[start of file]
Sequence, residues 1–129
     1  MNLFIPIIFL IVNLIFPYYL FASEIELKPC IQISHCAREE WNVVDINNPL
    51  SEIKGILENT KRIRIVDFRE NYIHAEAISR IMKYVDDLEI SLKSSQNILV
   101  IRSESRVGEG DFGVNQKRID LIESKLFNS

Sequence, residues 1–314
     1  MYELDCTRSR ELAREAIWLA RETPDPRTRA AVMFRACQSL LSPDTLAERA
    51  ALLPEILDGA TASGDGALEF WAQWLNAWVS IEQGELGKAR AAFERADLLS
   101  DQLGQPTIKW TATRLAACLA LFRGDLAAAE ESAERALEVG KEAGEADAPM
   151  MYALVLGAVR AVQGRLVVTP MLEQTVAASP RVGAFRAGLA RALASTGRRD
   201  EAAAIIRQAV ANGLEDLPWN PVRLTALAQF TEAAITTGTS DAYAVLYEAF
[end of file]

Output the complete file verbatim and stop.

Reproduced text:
Sequence, residues 1–129
     1  MNLFIPIIFL IVNLIFPYYL FASEIELKPC IQISHCAREE WNVVDINNPL
    51  SEIKGILENT KRIRIVDFRE NYIHAEAISR IMKYVDDLEI SLKSSQNILV
   101  IRSESRVGEG DFGVNQKRID LIESKLFNS

Sequence, residues 1–314
     1  MYELDCTRSR ELAREAIWLA RETPDPRTRA AVMFRACQSL LSPDTLAERA
    51  ALLPEILDGA TASGDGALEF WAQWLNAWVS IEQGELGKAR AAFERADLLS
   101  DQLGQPTIKW TATRLAACLA LFRGDLAAAE ESAERALEVG KEAGEADAPM
   151  MYALVLGAVR AVQGRLVVTP MLEQTVAASP RVGAFRAGLA RALASTGRRD
   201  EAAAIIRQAV ANGLEDLPWN PVRLTALAQF TEAAITTGTS DAYAVLYEAF